Understanding family and friends care: analysis of a population study
AuthorsRachida Aziz and David Roth
This study has collected data from the Understanding Society Survey about the living arrangements and economic circumstances of households where children were living with family and friends carers (or kinship carers), and then compared this to data from the same source about households where children were living with their parents. The information was collected during the period from January 2009 to March 2010.
About the households:
In this sample group, the largest number of children (38%) were being raised by a sibling or half-sibling, followed by grandparents (31%) and other relatives (21%). 10% were being raised by non-relatives. 34% of the family and friends households had three or more children, compared to 16% of all households with children. 17% of the family and friends households had three or more children under the age of nine, compared to 7% of all households with children. It was more than twice as likely in the family and friends care households that there would be nobody in employment compared to the other households with children (43% v 17%). It was ten times more likely that there would be someone over pensionable age in the family and friends care households compared to other households with children (21% v 2%).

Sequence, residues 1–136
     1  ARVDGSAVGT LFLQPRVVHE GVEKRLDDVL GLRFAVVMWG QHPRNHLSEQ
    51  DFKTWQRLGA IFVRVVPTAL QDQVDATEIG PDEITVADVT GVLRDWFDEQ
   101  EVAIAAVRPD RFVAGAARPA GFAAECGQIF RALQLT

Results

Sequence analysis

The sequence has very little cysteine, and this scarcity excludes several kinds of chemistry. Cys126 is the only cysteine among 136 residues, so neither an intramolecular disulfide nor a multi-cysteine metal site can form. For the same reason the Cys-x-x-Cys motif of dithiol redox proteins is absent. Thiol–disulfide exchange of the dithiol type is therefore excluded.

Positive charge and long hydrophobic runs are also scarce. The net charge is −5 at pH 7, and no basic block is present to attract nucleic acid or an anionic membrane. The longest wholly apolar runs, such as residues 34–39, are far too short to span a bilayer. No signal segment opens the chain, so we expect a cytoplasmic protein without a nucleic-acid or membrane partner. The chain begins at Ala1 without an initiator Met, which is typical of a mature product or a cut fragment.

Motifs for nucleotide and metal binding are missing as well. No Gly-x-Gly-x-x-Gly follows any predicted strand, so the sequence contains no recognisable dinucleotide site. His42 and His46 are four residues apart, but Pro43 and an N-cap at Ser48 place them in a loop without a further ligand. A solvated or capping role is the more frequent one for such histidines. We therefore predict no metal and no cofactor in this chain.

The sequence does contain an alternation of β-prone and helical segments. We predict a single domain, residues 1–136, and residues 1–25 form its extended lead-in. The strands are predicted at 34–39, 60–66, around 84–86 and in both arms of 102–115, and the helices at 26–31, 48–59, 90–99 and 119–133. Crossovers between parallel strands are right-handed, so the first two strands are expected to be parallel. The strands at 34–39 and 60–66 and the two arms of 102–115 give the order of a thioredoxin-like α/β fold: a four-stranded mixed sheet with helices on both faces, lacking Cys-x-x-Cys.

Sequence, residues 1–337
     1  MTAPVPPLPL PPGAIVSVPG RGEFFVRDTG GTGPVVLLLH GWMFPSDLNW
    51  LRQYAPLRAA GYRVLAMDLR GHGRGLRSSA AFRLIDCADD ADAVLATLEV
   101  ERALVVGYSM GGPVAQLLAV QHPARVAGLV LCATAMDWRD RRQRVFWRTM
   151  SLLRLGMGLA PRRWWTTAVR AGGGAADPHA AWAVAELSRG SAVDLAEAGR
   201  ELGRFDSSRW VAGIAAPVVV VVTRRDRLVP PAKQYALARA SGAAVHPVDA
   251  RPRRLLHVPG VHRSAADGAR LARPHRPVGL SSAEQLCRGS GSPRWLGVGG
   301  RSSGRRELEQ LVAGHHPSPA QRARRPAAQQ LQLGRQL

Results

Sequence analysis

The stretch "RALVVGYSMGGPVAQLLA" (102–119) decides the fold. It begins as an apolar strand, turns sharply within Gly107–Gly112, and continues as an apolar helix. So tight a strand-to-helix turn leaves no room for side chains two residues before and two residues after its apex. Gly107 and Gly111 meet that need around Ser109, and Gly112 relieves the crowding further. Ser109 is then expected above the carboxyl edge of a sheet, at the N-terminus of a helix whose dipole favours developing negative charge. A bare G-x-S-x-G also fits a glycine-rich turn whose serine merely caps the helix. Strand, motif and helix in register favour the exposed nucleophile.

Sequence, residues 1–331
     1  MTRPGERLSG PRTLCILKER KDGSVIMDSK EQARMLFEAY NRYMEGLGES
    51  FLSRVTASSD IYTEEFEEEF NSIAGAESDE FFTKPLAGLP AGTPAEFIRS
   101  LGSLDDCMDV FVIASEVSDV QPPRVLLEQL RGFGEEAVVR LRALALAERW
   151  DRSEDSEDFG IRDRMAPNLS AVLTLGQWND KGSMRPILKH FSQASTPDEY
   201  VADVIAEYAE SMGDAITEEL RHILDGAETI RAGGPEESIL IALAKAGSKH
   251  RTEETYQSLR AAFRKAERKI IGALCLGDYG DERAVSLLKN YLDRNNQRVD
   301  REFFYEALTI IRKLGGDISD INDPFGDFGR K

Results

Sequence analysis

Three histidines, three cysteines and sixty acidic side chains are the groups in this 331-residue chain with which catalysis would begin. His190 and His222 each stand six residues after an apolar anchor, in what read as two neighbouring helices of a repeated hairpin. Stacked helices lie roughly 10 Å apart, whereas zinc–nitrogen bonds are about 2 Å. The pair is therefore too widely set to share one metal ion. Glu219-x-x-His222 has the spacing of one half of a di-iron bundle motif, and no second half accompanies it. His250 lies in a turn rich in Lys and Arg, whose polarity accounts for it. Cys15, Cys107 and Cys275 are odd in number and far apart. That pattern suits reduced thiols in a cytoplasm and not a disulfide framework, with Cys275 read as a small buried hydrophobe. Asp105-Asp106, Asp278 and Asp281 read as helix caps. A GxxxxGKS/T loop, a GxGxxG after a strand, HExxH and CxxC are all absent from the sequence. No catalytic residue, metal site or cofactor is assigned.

Housing and finance
The family and friends care households were more likely to rent compared to other households with children (45% v 35%), and, if renting, were more likely to live in social housing (77% v 55%). They were also more likely to receive housing benefit (41% v 26%). The family and friends care households are no more likely than the other households to fall behind with the most important payments, such as rent or mortgage or council tax. Family and friends carers were less likelythan others to have gone on holiday, saved any money, or replaced worn-out electrical goods. They were more likely to say they would have liked these things but were unable to afford them. A quarter of the family and friends carers felt they needed more bedrooms for the children, but could not afford larger accommodation.
Family and friends carers emerge ahead of the general population in many of the indicators of poverty or low income: they are more likely to rent their home rather than own it, more likely to live in social housing, more likely to receive council tax, less likely to be in work and more likely to be over pensionable age. There are also likely to be more children in the household, including more children who are under nine years of age.
Family and friends carers appear to be prioritising the way they use their income so as to ensure that the most important household bills are met. However, this is at the expense of their quality of life in other areas, such as taking holidays, making savings and replacing worn-out electrical goods.
The picture which emerges overall is of carers and children who are trying to make the best of managing on low incomes, but have to make sacrifices to do so.